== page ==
Interview: Sara Shilo
Attention deficit disorder did not stop a writer determined to give a voice to Israel’s ignored northerners
Sara Shilo was inspired to write by leading Israeli novelist David Grossman
Sara Shilo came late to novel writing. The author of The Falafel King is Dead, which became a literary sensation when it was published in Israel in 2005, did not start writing until she was 40. But even more surprising is the fact that she did not even manage to read an entire novel from start to finish until she was the same age.
Shilo has long suffered from Attention Deficit Hyperactivity Disorder (ADHD). Over coffee at a Heathrow cafe, as she waits to board a flight back to Israel, she tells of how reading Be My Knife, by the leading Israeli writer, David Grossman, brought about an epiphany.
Despite constantly apologising for her English, the 52-year-old mother-of-five eloquently describes how and why she started to write. "I managed to read the whole of Grossman's book. Something about it made me realise that I needed to express myself through writing. Until the age of 40 I couldn't read a book from beginning to end. From time to time I started to think about writing a novel but then I thought how could I write a novel when I can't even read one?"
After Be My Knife, her attitude changed. She wrote to Grossman about the effect his book had upon her and he wrote back encouraging her to write. Indeed, he promised that he would read her book when it was written. "He said I should write. I started to search inside me for something to write about. At first I thought that I would write about my childhood in Jerusalem at the time of the Six Day War, but then, in January 2000, there was a warning of Katyusha rocket attacks in my village in the north of Israel. For the first time I didn't go into the shelter with my children because I felt a very strong urge to write. I was reminded of when the Katyushas landed just beside our apartment building in 1982 during the first Lebanon war. Our shelter was blocked and we were trapped inside. There was no electricity and people were screaming for help. I was pregnant with my first child and I thought I would die in there. I remembered this and I started to write about it."
The novel - called No Gnomes Will Come in its Hebrew version - is being published in English for the first time this month. It tells the story of one day in the life of the Dadon family, through the mother, Simona, and four of her six children, all of whom are attempting to come to terms with the death of their husband and father six years previously while at the same time trying to cope with the ongoing threat of terrorist attacks. The book won multiple awards in Israel and was hugely praised for the way it described the marginalised Israelis living near Israel's northern border under constant threat of rocket attack. And it told their story in their own distinctive, ungrammatical speech, another revolutionary development in Hebrew literature.
"The language of Simona is just like the Hebrew they used in the children's day-care centre where I worked when I was in the army. Within 10 days I started to talk like them. If you want to speak authentically as a writer about those people, you must speak in that voice. Now they are studying this way of speaking in linguistics courses in Israel," Shilo says.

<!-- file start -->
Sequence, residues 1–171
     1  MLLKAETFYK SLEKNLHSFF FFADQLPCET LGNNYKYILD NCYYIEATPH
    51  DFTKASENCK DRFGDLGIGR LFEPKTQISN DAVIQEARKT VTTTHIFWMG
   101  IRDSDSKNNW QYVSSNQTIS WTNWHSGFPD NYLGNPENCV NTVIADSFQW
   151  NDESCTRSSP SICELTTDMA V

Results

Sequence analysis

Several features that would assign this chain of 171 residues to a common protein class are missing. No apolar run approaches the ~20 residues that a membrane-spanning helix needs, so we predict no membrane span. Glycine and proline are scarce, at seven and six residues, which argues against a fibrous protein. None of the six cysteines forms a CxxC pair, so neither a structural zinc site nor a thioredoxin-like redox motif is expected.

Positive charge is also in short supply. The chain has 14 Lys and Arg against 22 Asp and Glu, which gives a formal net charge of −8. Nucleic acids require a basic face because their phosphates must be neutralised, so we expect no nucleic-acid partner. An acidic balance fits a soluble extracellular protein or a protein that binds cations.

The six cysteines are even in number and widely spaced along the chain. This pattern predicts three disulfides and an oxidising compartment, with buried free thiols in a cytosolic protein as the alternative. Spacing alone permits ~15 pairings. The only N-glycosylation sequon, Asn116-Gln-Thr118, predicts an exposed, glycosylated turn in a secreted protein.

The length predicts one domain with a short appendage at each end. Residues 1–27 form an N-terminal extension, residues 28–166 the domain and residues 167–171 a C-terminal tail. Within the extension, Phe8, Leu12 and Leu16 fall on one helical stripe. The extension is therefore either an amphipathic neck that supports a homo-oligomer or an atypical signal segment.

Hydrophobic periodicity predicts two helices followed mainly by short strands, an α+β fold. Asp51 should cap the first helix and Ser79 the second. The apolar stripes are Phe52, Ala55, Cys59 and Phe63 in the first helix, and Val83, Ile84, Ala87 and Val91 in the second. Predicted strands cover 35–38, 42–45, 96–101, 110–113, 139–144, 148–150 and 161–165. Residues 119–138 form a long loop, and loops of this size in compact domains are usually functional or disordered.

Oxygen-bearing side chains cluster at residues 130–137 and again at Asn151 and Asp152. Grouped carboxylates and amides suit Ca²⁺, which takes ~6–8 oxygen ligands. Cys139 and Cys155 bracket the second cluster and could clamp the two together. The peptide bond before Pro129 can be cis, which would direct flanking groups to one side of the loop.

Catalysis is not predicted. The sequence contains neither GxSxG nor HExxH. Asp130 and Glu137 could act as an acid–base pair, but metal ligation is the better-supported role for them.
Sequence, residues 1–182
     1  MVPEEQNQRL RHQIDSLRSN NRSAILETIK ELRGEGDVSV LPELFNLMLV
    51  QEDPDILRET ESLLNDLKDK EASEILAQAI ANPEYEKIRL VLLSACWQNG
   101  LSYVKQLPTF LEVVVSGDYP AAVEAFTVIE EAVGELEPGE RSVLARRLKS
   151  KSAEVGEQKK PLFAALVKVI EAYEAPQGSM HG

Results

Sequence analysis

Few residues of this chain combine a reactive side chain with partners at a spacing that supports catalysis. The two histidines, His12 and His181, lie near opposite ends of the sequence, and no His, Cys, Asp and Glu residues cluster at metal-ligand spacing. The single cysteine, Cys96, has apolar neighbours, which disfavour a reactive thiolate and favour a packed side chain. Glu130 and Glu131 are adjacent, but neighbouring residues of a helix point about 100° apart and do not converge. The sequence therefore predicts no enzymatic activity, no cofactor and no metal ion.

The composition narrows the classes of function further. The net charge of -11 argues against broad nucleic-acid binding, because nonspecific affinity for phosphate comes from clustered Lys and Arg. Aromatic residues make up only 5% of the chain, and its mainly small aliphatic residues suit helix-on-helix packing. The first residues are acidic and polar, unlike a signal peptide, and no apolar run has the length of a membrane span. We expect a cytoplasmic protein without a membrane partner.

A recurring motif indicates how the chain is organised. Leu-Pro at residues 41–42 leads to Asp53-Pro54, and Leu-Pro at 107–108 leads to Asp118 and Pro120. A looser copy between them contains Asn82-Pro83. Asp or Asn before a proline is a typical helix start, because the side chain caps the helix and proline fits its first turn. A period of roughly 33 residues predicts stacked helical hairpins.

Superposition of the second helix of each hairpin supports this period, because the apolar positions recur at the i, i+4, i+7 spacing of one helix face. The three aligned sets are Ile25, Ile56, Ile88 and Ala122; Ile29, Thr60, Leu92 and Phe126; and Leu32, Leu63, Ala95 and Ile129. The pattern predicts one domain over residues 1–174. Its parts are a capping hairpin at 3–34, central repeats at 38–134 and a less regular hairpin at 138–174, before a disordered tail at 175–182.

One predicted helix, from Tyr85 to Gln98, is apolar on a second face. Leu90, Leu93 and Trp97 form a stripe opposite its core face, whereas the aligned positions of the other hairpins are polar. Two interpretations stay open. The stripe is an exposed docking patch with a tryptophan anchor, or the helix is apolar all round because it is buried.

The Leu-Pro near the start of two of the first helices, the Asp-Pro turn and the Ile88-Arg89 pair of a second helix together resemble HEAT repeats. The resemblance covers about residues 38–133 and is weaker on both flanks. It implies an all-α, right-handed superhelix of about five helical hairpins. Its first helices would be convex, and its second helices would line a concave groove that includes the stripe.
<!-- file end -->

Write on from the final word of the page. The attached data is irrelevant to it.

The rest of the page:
David Grossman gave her considerable help in getting her book published
A huge motivation for her was to focus attention on the neglected and overlooked in Israeli life - a striking example of which she found while researching the novel. "I went to look at newspapers from the past. Many years ago there was a terrorist attack at Kiryat Shemona. A woman invited the journalist to her home to talk about the attack. Throughout the article, the writer referred to his host only as 'the woman with seven children and another in her belly'. At no point did he give her a name. It made me very angry. I said that I would give her both a name and a voice."
Once Shilo had found the subject for her novel, she had to find a way of writing it which was compatible with her ADHD. "What bothers me is going step by step in a plot. My mind cannot do it. But I did find it easy to write around the Katyusha attacks, the shelters and the death of the father through the voices of the family. Through it I was trying to understand the otherness of the others, if that is an expression in English. I was attempting to explain how the same story can seem so different to different people," she says.
Once the book was written - a process which took her four years - she sent it to Grossman who, as promised, not only read the book, but met her and gave her considerable help in getting it published. It may have been a risk to put his reputation on the line in such a way but it paid off.
"There were many good reviews in the papers and it sold out within a few days," says Shilo. "People in Tel Aviv called me up to thank me for explaining to them about life in the north. This story of the Katyushas and the terror attacks had never been told before."
There were also changes to Shilo's life. She had lived and worked quietly in the northern town of Ma'a lot for 15 years before moving to a neighbouring village.
"I was invited everywhere to talk. It was nice to meet so many people, even if it was strange for my family to be so visible."
To emphasise the point she tells of how her 16-year-old daughter came home one day to inform her that she had been assigned The Falafel King is Dead for the Israeli equivalent of her A levels.
"I'm not sure it is a good thing. It must be strange for her that her teachers are talking about her mother's book."
Still, if she ever needs help with her homework, she knows who to ask.
'The Falafel King is Dead' is published on January 20 by Portobello at £12.99